drop me your email and identity if you wish to follow the trail of the rebirth of this blog.

Jun 15, 2011

a memorable gastritic attack

when work and busy schedule being prioritized, often health has to take the backseat.

with background of flu and sinusitis, i went to work today, knowing clinic load will be heavier today not because of the number of patients, but rather it was purely because of three main reasons. Firstly, the main sonographer nurse was on leave still. Next, the pathological lacking of aptitude and attitude in junior medical officers in handling and learning up management of gynaecological problems. Lastly, the uncontrolled appalling receding participation of many level of staffs (although, not all) in our department to make sure clinic finishes.

Sad, but true. The clinic ended at 220pm, through the lunch hour, without any breaks. Had junior doctors following me, like ducklings following motherduck. Had them lining up outside the door like i was running a circus or something. Had to re-re-reconfirm the review and findings of junior doctors. Nurses bugged me to perform procedures and ultrasound.

As I got in to my car, the sharp pain struck me right on the epigastric area - a vague sense of displeasure that I had felt before.

when work and busy schedule being prioritized, often health has to take the backseat.

although my primo supremo granted me rest, but it was something that came too little too late. It was something that is preventable at all level and the unrelenting effort to face this problem had my respect totally out the window.

Jun 9, 2011

the peeping: piracy of privacy

Eyes Speak

A strange dream that I had, that just felt so real. So blardy real.

Ward round with specialist.

Every patients going for examination were screened up for privacy, yet others continued in their own rest or breastfeeding fully trusting the fellow esteemed manager of the ward to maintain their privacy at the non-visiting hour.

Yet, it was far, almost a galaxy away from the real privacy.

The prying eyes of a man was on the hunt, standing elegantly clothed in the yellow uniform of our hospital non-medical staff.

His dark hand was held up tightly a packet of food and drink, a sorrow excuse for his pathetic lustful intention.

His reasoning of wanting to wait for his sister-in-law to pass her the food was absolutely absurd, as he was standing at the side of the ward, where his sister-in-law was totally AT THE OTHER SIDE of the ward - a different cubicle.

Such a violation was noted and instantly, the Ward Sister and the security guard vented their helplessness in keeping this peep artist out.

It was almost like against this felon, the Ward Sister's and guard's jurisdiction was reduced to sweeping the drain on an overflow monsoon season.

I confronted that animal, which stood there, like a catatonic schizo.

His busy prying eyes was still searching and consuming pleasurable sights while ignoring my simple words for him.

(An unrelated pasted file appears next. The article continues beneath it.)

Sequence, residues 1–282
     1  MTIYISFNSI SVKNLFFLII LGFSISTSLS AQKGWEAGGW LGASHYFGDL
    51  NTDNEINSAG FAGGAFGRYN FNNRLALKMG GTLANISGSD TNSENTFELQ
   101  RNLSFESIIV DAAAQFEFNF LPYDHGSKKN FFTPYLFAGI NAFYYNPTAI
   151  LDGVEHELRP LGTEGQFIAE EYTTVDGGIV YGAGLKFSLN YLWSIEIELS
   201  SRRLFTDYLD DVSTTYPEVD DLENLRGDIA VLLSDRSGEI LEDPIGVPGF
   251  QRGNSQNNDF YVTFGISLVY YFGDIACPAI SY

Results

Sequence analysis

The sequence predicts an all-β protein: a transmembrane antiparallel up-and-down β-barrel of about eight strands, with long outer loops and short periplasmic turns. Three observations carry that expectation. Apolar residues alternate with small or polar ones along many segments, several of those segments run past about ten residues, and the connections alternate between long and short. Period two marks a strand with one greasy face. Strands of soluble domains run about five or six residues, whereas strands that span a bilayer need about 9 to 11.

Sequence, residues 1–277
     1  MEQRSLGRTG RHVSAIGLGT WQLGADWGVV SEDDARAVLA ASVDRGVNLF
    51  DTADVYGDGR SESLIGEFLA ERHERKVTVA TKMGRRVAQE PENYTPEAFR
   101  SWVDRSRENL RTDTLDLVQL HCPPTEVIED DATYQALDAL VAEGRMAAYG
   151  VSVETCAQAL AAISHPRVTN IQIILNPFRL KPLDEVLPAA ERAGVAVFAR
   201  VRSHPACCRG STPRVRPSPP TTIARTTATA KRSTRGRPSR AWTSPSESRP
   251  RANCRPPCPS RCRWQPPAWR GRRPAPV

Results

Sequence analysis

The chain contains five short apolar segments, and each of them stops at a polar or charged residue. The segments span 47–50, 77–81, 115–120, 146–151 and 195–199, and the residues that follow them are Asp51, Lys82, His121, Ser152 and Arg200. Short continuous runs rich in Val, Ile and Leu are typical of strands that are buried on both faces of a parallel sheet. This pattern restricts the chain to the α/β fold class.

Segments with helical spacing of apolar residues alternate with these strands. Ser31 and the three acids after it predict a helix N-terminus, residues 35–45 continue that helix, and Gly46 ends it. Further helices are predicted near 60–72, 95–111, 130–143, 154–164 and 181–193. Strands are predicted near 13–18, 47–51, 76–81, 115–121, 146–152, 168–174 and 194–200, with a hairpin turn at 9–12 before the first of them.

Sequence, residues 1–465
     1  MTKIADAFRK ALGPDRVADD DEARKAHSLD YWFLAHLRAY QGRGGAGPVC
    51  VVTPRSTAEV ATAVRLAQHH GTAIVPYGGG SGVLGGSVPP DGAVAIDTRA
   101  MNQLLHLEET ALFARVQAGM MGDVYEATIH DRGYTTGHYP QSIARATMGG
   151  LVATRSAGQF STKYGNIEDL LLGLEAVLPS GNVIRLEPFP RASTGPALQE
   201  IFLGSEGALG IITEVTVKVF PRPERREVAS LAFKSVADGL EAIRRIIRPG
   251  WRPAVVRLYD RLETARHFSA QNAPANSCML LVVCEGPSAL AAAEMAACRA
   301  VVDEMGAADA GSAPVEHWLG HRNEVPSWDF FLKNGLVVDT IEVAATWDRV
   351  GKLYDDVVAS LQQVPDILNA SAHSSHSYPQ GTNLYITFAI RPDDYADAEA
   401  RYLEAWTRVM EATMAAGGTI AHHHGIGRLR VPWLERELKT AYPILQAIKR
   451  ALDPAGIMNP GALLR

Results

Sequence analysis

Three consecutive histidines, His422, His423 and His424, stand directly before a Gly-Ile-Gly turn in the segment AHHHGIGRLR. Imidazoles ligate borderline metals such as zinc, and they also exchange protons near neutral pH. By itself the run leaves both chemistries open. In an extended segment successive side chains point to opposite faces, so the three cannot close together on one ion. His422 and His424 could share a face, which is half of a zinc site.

"Encik, jika nak bagi, tolong letak dan tunggu di luar."

It was few minutes until he realized I was talking to his arrogance.

"Never mind. I wait here"

"No, this is a female ward, and we're doing rounds, you need to wait outside."

"Who are you?!?! You must be new here. I know a lot of doctors here. You shut up."


As I recollected emotion from being shocked, surprised and totally lost for words, he left the ward.

Instead of being ashamed for their failure to keep this peepster out, the Ward Sister and the security guard rejoiced, telling the string of many,many previous episodes of this piracy of privacy.

Weirdest dream I ever had.

Jun 8, 2011

grace and disgrace

If a person, by grace, was given a chance to be a healer, he or she should, by grace, do the rightful thing. Or at least, know what they are doing.

Apathy among my fellow men can not surpass the apathy of my fellow healers.

To had held on one hand the water of power which is unknown and pass it into the body of the weaker innocent other person, by grace, it's a disgrace in its own totality.

If the end result is death, the court's verdict will be no lesser than manslaughter.

Long time ago, in a far far away land, there was this healer who follow blindly the order of her fellow men to dilute a reagent prior to operation. Not knowing what the reagent was for, she had syringed up some anaesthetic fluids, labelling it as the antibiotics. It took a few milliseconds before the sedative wonders came into light, with the patient knocked out cold like most opponents of the great boxer Mohammed Ali, followed by the emergency airway support with the indwelling tube. As much as it seemed like a joke to any healers who heard it first hand, it was an unnecessary risk trip that the patient can do without.

Forward to the present, another healer who couldn't care less, by grace, held in his hand the agent to avoid the anticipated complications in the future progeny of the patient. Though, he was given the privilege to heal, his lack of basic knowledge in its own unique totality assaulted the normal hemostatic balance of a defenseless innocent newborn by a simple sting on the thigh. What was meant for the mother was instead....

A moment of silence.